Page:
Figure 7: Truss lattice generation from a geometry fitted lattice.

3.2 Structural model

3.2.1 Skin

We briefly review the governing equations for the linear Kirchhoff-Love model which is used for modelling the skin, for more details see, e.g., Ciarlet (2005); Cirak et al. (2000). The mid-surface of the shell is parameterised with the curvilinear coordinates . The position vector of material points on the surface is denoted with . The superscript s has been introduced to distinguish between the variables for the shell and the lattice.

The covariant basis vectors and the unit normal vector of the mid-surface are defined with

(29)

Here and in the following the Greek indices take the values and the summation convention is used. As usual, the contravariant base vectors are defined through the relation , where is the Kronecker delta. In case of small mid-surface displacements the linearised membrane strain tensor and the bending strain tensor are, according to Cirak et al. (2000), derived to be

(30)

and

(31)

with .

The total potential energy of the displaced thin-shell is given by

(32)

where and denote the membrane and bending energy densities, and is the surface load applied to the shell. For an elastic and isotropic material the membrane and bending energy densities are given with

(33)

where is the shell thickness, and and are the Young’s modulus and the Poisson’s ratio. The fourth-order auxiliary tensor is defined as

(34)

with the contravariant metric .

3.2.2 Lattice

The lattice structure is modelled as a pin-jointed truss consisting of struts connected by pins that do not transfer moments. Each strut deforms only by stretching and does not bend. We denote the coordinates and the displacements of the joints with and . In case of small displacements the axial strain in a strut with the index is given by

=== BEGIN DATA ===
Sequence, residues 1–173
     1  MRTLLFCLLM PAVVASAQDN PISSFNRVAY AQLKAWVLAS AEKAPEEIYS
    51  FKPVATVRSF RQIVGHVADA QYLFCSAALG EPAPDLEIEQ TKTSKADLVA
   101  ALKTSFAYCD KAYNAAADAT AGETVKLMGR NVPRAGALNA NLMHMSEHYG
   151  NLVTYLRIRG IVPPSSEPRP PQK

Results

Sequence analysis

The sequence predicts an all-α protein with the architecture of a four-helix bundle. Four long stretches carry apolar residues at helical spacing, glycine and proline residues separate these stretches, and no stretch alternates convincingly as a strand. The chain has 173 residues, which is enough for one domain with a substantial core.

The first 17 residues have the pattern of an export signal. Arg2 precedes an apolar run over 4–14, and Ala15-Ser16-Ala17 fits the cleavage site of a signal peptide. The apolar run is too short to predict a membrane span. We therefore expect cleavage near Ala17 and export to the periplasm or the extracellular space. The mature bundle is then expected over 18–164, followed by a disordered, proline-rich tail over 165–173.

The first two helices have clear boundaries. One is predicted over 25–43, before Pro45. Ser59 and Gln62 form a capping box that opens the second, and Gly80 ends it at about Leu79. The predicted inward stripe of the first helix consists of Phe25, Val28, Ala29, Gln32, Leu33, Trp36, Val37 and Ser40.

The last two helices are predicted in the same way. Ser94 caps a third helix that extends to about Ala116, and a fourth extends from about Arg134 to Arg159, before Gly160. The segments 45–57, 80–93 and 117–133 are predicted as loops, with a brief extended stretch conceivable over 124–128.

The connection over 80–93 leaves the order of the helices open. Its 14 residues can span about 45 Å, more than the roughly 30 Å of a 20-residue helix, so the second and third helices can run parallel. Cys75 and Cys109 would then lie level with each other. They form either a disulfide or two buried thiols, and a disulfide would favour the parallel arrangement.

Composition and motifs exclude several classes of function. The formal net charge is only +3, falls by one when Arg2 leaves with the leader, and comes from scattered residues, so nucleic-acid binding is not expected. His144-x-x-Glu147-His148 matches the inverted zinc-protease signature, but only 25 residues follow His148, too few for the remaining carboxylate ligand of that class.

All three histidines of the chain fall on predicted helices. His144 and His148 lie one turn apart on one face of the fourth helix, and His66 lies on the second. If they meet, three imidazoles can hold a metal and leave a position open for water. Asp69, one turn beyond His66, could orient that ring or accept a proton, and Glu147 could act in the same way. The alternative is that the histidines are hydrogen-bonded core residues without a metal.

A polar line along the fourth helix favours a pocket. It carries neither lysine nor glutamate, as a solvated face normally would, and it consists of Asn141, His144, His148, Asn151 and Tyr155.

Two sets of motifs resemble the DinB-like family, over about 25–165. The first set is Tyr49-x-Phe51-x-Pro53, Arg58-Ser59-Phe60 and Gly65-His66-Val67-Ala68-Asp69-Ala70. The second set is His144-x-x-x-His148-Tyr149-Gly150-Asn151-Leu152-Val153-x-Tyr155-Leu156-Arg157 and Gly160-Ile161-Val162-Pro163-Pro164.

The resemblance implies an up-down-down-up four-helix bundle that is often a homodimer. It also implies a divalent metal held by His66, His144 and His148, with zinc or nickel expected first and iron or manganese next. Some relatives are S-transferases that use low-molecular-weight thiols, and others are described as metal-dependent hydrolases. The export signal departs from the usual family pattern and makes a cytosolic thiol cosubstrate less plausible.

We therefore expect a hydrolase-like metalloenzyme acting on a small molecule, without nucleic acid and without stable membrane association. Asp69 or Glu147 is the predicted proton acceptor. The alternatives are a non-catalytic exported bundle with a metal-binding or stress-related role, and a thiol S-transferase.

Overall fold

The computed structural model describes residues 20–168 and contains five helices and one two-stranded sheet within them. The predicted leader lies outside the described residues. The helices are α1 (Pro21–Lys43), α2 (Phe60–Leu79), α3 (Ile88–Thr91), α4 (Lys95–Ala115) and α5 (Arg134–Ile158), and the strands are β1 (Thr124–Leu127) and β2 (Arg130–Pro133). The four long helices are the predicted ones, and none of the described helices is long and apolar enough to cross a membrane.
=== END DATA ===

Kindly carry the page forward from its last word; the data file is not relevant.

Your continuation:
(35)

where and are two “picking matrices” for selecting the displacements of the two joints attached to the strut with the index , is the strut length and is the unit tangent to the strut.

The total potential energy of the lattice, with no externally applied loading at the joints, is composed of the potential energies of the individual struts

(36)

where is the cross-section area of the strut with the index . The external potential energy has been omitted as the loading is usually applied through the skin. For an elastic material with the Young’s modulus the energy density is given by

(37)

3.2.3 Lattice-skin coupling and discretisation

Some of the lattice joints are by design located on the shell mid-surface . The displacements of these joints with  have to be compatible with the shell displacements

(38)

where are the parametric coordinates of the joints on the surface. This condition can be imposed with Lagrange multipliers and considering the total potential energy for the lattice and the skin

(39)

The stationarity condition for this potential yields the equilibrium equations

(40a)
(40b)
(40c)
(40d)
(40e)

These equations lead to a linear system of equations after discretising the shell. In isogeometric analysis the shell surface and displacements in (40b) and (40e) are both represented with the same type of basis functions. Hence, we use the splines introduced in Section 2 for geometry also for approximating the displacements. For displacements there is usually no need for rational splines as the exact representation of quadric sections is not relevant. Moreover, both the geometry and displacements can be represented with Bézier instead of the spline basis functions as discussed in Section 2.1. If Bézier basis functions are used the computed element stiffness matrices and force vectors have to be projected back to spline control points Borden et al. (2011). Informally, this projection ensures that the Bézier basis functions on neighbouring patches remain smoothly connected for the displaced structure.

4 Examples

4.1 Freeform surface with an internal lattice